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by Jill Loeffler •
Updated: January 11, 2023
The Hyde Street Pier is a popular San Francisco tourist attraction in the Fisherman's Wharf neighborhood. It's one of several museums along the waterfront in this bustling district.
The pier was originally built in 1922 for car ferries that shuttled passengers back and forth between San Francisco and Marin County. For several years, this ferry route was officially part of Hwy 101 until the Golden Gate Bridge opened in 1937.
Today, it's a floating museum that houses several ships. Five of the vessels on the pier are officially National Historic Landmarks.
Here are a few pictures from my last visit and a little more about the historic ships on display
This is the Eppleton Hall. It's an old steel tugboat built in 1914 in South Sheilds England. It crossed the Atlanta under its own power in 1969.
You used to be able to board this ship for a visit. However, it is no longer open to visitors.
Here is another view of it from the Aquatic Park beach. It is the smallest boat at the Hyde Street Pier.
The Eppleton Hall's next-door neighbor is the largest ship that lives at the pier. It's called the Balclutha.
This square-rigged ship was built in 1886 in Glasgow, Scotland to haul wheat to California.
When the Balclutha was in use, they had to sail all the way around the southern end of South America on a grueling trip that lasted months, just to reach the West Coast.
The Balclutha is one of the ships you can board. During your visit, you'll get a good sense of what it was like to live on this boat for months, along with dozens of other people.
Typically, there are guided tours of the Balclutha every day. It's an interesting tour that tells you all about the ship and the people who worked on it. Check the tour schedule at the ticket counter to find tour times on the day of your visit.
Across the Hyde Street Pier from the Balclutha is the Hercules. This is a steam-powered tugboat. It was built in 1907 in Camden, New Jersey.
This power horse did a lot of work in its time. Its most famous job was moving many of the large structures needed to build the Panama Canal.
The Hercules is another one of the ships that you can visit. It's much smaller than the Balclutha but is worth a visit.
Right next to the Hercules is the Eureka. This is one of the car ferries that carried passengers back and forth from the Hyde Street Pier to Sausalito.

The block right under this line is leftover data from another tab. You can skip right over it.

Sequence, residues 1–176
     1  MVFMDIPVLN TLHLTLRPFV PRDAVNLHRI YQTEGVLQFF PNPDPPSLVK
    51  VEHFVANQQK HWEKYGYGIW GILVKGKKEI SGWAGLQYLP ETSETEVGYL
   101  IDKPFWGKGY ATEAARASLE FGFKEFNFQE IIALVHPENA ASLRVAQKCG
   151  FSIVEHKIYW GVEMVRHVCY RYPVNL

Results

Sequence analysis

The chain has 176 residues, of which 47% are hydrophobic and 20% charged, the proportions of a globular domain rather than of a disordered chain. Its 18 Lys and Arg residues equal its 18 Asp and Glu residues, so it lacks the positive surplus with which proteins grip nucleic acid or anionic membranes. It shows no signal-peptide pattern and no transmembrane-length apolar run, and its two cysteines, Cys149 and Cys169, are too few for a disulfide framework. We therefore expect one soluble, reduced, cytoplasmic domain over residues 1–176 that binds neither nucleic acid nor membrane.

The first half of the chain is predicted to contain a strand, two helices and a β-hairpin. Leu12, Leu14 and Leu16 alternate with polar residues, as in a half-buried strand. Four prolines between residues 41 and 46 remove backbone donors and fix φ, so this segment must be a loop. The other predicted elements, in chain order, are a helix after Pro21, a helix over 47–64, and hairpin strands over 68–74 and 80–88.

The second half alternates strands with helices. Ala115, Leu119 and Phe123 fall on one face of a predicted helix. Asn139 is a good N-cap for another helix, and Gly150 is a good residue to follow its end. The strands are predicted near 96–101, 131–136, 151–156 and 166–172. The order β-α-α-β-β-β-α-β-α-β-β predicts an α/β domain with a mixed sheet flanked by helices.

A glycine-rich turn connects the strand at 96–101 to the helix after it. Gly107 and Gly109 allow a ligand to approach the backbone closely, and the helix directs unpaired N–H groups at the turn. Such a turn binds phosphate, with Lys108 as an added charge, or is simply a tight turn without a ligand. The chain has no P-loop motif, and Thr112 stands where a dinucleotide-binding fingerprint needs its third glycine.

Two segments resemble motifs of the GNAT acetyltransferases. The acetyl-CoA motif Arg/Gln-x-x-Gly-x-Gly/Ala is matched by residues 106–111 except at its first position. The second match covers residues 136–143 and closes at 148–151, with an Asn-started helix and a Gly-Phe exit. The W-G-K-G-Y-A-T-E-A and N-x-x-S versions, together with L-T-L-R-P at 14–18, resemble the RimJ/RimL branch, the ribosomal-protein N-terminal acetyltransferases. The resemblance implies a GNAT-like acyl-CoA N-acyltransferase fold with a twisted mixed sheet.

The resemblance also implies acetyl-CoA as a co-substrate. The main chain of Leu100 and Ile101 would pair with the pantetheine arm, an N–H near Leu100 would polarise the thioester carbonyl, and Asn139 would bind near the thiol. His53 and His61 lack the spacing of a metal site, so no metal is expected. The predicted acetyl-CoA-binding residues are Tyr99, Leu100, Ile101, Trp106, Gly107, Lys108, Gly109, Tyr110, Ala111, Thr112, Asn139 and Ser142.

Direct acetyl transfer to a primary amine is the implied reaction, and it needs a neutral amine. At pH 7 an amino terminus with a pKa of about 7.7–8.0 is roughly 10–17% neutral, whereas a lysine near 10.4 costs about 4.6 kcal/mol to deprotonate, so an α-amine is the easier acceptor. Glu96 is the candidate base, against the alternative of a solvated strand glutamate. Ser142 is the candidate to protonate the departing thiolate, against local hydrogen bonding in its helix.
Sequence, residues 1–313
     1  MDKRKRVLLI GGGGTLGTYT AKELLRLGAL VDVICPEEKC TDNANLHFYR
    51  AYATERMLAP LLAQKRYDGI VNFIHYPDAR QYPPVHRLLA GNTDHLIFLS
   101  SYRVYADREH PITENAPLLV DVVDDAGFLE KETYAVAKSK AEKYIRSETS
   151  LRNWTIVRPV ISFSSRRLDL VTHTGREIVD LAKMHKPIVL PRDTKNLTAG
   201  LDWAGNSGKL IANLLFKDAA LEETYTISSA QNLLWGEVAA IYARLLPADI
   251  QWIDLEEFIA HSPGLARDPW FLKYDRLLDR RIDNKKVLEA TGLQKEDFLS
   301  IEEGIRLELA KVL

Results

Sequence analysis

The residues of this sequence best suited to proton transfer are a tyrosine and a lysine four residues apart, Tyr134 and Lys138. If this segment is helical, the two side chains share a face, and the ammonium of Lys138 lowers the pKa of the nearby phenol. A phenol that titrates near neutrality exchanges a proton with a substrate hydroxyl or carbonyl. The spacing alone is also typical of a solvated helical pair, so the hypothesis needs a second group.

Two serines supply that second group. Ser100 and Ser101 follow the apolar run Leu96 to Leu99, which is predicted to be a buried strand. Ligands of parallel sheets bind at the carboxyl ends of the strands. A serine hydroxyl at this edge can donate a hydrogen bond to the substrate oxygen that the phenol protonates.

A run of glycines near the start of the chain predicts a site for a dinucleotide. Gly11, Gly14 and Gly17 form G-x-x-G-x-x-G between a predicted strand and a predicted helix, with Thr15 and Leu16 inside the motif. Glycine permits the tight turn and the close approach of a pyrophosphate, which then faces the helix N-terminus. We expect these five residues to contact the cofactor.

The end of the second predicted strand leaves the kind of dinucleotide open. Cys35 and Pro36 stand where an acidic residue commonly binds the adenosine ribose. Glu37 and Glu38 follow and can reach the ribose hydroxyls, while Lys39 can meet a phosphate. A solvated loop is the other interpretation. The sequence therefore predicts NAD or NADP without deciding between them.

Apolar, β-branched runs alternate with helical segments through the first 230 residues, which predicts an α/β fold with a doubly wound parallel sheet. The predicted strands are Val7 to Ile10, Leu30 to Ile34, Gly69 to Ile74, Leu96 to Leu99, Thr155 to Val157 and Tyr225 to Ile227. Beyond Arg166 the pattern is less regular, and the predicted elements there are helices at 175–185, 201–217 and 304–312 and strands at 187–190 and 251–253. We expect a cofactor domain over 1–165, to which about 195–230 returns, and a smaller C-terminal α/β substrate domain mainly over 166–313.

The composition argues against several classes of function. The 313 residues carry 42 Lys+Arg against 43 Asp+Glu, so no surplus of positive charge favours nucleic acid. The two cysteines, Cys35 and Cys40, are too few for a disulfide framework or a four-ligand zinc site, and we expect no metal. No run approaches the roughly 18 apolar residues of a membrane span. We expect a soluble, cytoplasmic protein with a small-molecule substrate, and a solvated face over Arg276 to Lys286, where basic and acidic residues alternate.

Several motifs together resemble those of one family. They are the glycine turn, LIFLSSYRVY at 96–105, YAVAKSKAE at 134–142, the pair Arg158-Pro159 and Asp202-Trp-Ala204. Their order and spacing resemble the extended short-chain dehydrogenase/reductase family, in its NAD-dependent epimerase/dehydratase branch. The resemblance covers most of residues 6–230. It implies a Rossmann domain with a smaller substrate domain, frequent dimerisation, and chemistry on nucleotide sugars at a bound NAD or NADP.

It was originally built in 1890 in Tiburon, California as the Ukiah. It was refitted in 1922 and renamed the Eureka.
This is the third ship on the pier that you can visit. Make sure you also stop on the main level to check out the classic cars and trucks on display.
The last of the five ships it the C.A. Thayer. This sailing ship is a schooner and one of the last ones still around.
Originally build in 1895, it received extensive repairs and opened in its current home in 1963.
It was designated as a National Historic Landmark in 1966.
Over the years, it's been restored a few times in order to keep it in great shape and allow people to view it at the Hyde Street Pier.
The Hyde Street Pier is a fun stop while at Fisherman's Wharf. I've visited several times and always learn something new about these historic ships.
The pier is open every day of the week. Here are details for visiting:
You can purchase tickets at the gate. They are usually around $15 per person and it is good for seven days. Anyone under the the age of 15 is free. These tickets are valid for up to 7 days. Visit their website for pricing details.
Note: You can get in for free if you own the "America the Beautiful - The National Parks and Federal Recreational Lands Pass." It costs $80 per year and allows you to enter more than 2,000 parks and areas around the USA.
Visit their website as there are numerous options for age, military, and more at this link.
Disclaimer: I receive a small commission from some of the links on this page.
If you plan to visit the Hyde Street Pier or the Fisherman's Wharf area, you will find lots of great places to eat. My guide offers ideas for breakfast, lunch, and dinner. I also included some great seafood spots all around the district.
>> Visit this page to find all of my recommendations and where to eat in this district
Are you planning to stay in Fisherman's Wharf? This is a popular neighborhood among tourists for lodging in San Francisco because many of the hotels are close to the waterfront.
There is a large selection to choose from. Read about some of my favorites so you can find the right one for you!
Learn More: Fisherman's Wharf Hotels
Another entertaining museum in Fisherman's Wharf is the San Francisco Maritime Museum, right across the street from the Hyde Street Pier.
After visiting the pier, you can head over here to learn even more about the history of Fisherman's Wharf. This museum is free and has some outstanding educational, hands-on displays.
Learn More: San Francisco Maritime Museum
What else is there to do in Fisherman's Wharf? This San Francisco neighborhood is packed full of activities, tours, and attractions. Here you can pick up a city tour, visit the famous Pier 39, or even catch a boat for a ride around the bay.
Learn More: Top Fisherman's Wharf San Francisco Attractions and Activities
Comments? Questions? Suggestions?
I would love for you join me in my private Facebook group!
It’s a great place to interact with me and others that know the area well.
You can ask questions, get advice for your upcoming stay, and then share your photos and advice with others when you return home. It’s a great community and the fastest way to get answers to those nagging questions about your visit!